Letter to My Daughter
by Maya Angelou
Random House / 176 pages / $25
Larger than life in a quintessentially American way, Maya Angelou has taken self-reinvention to a level that other American writing legends, like Hemingway, only wished for.
Reading her latest collection of vignettes and extrapolations from her incredibly full and vivid life, Letter to My Daughter, one cannot help but be struck by how much Angelou has overcome and how far she has come. The too-tall girl with the husky man's voice from St. Louis became a mother at 16, an international singer and dancer in her 20s, a teacher in her 30s, a writer of best-selling memoirs and poetry in her 40s and beyond, mentor to one of the most influential women in America if not the world (Oprah Winfrey), proud holder of an honorary doctorate and the first African-American poet to read at an inauguration of a president (Bill Clinton).
Angelou's voice is reminiscent of populist poets like Walt Whitman. These are tales of a traveling life and what is learned on the way, and Angelou has quite literally been on the road, from Arkansas to Senegal. She's drunk coffee she thought peppered with insects (they turned out to be raisins but made her sick for a month in Morocco), withstood a beating from a suitor and worked hand-in-hand with Malcolm X and the Rev. Martin Luther King Jr. in the civil rights movement.
Angelou's is a life so rich and compelling that it's difficult to imagine how as a young woman of color in the 1940s and 1950s - Angelou is now 80 - she could have broken so many barriers, lived through such harrowing and complex experiences and come away not emotionally shattered or seared with bitterness, but instead filled with life and generosity and a deep yearning to pass her story on to other young women.
In reading Angelou, the adjectives tend to flow. Notes from the publisher refer to Angelou's "erudite prose," but that's inaccurate. Angelou's prose is not erudite - nor elitist, nor intellectualizing. Rather her prose is colloquial and from the heart. These pieces read like short stories or tales heard at the knee of a grandmother or an older aunt. They have the quality of oral history: raw and poetic and repetitive and earnest and painful and dramatic and funny. Angelou is not trying to impart erudition - she's trying to breathe life into any young (or older) woman who feels life might just pass her by simply because of her gender or seemingly insurmountable obstacles.
Angelou has only one child, a son, born after a loveless encounter with a boy right after she moved to San Francisco as a teenager to live with her mother, herself a larger-than-life character. Angelou begins with this part of her life and leads to her struggles to raise her son alone and her fears that a young black boy without a father would be swallowed up and turned into something unrecognizable. At one point, Angelou returns from a European tour of Porgy and Bess and almost has herself committed; she thinks she might kill herself and her 8-year-old because she feels she is not enough for him or for herself.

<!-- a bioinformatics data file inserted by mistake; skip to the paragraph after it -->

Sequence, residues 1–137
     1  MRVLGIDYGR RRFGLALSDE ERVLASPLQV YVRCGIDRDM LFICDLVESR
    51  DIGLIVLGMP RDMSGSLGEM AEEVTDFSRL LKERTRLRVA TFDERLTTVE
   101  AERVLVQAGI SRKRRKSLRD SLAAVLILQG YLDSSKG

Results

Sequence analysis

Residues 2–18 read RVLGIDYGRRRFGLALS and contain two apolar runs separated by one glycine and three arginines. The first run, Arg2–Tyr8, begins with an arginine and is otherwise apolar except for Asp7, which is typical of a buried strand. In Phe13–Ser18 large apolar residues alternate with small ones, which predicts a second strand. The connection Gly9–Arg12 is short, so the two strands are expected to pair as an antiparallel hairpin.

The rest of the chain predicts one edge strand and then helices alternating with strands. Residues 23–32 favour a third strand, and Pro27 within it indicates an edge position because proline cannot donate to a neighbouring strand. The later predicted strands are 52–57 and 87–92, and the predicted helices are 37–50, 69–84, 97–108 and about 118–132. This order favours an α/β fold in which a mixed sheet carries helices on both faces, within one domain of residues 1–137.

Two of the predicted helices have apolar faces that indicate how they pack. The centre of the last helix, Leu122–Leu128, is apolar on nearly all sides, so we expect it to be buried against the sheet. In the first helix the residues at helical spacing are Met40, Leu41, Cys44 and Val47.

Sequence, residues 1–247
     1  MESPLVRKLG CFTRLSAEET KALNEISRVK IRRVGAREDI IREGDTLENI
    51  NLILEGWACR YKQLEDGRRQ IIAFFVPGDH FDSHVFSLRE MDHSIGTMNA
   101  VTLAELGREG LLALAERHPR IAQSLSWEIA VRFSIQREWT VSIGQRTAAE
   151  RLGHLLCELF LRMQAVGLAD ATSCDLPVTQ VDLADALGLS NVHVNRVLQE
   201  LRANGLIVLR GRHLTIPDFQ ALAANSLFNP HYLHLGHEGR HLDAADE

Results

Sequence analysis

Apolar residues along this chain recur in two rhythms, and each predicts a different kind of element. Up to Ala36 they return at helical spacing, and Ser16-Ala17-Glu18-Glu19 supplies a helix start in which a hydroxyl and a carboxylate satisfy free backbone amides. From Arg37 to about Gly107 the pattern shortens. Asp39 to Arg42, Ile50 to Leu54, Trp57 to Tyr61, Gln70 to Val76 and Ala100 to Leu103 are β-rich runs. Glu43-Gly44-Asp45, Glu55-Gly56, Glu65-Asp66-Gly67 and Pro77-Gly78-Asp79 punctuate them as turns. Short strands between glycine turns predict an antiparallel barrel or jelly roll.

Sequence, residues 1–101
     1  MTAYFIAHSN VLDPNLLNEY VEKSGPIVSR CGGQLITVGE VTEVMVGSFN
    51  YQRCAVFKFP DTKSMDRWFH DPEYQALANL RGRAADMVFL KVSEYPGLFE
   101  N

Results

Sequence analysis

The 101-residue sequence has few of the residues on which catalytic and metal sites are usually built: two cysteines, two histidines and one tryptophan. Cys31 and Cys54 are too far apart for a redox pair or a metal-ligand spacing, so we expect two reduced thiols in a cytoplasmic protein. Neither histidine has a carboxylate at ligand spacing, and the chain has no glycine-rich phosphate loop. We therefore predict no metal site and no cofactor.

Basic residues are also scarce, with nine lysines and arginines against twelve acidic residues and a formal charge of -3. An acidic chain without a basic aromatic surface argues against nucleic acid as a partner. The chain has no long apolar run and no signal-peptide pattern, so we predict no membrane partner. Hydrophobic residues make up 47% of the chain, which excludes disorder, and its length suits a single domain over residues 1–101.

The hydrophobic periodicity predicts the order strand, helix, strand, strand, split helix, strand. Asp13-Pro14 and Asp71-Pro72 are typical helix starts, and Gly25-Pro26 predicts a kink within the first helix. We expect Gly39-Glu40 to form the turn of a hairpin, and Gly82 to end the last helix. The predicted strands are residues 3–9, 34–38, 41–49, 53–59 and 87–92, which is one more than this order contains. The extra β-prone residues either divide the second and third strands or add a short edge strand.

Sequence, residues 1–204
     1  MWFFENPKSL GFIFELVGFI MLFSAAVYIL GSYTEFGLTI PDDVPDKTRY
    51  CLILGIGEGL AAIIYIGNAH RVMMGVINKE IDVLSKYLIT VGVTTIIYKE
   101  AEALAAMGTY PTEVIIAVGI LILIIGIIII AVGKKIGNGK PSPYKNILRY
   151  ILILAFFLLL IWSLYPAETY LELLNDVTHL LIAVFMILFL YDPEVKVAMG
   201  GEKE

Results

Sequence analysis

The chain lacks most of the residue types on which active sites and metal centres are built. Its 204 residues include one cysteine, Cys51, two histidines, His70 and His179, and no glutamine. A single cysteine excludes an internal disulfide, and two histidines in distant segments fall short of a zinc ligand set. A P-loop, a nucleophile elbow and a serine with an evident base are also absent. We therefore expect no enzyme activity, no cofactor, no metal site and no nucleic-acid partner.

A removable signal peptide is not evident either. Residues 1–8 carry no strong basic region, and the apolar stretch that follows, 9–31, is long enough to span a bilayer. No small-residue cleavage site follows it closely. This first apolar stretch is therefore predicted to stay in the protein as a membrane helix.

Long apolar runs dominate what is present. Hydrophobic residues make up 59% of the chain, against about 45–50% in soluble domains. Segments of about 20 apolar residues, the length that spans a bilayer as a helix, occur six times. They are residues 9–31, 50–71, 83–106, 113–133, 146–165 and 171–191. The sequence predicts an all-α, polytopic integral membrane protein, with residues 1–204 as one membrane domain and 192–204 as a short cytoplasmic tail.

Angelou takes on much larger issues than her own life in Letter to My Daughter, which she wrote to the daughters she never had. Some of what she imparts goes against conventional wisdom: She asserts that we diminish the ugliness and horror of rape when we say that it is a crime only of power and not of sexual predation. This intellectualizing and psychologizing, Angelou - herself a survivor of rape - insists, gets rapists off the hook, making them victims rather than victimizers. She discusses the vulgar sexuality of rape in a way that reminds the reader just what rape does to its victims.
Angelou has no patience for vulgarity, cheating or lies. She's an inveterate truth-teller, and Letter to My Daughter, her first collection in 10 years, tells truths few really want to hear: that honesty is the best policy or that women like Harriet Tubman and Fannie Lou Hamer are more than just random historical names, but real women who suffered and struggled and yet somehow shone "a light directly on the gloom of ignorance" and "darkness of racism."
Letter to My Daughter is no self-help tome of pop-psychologizing. It is a fluid narrative of a life - and many other lives - lived by a woman of grace and strength and incomparable will to survive. The kernels of insight and, yes, wisdom in this small volume will stay with the reader for a long time. It's a book to give to one's daughter, mother, son or father, but definitely one to be read and savored.
Victoria A. Brownworth is the author and editor of more than 20 books, including the award-winning history, "The Golden Age of Lesbian Erotica: 1920-1940." She teaches writing and film at the University of the Arts in Philadelphia. She is currently at work on a novel about Trotsky in Mexico.
The birth of my son caused me to develop enough courage to invent my life. I learned to love my son without wanting to possess him and I learned how to teach him to teach himself.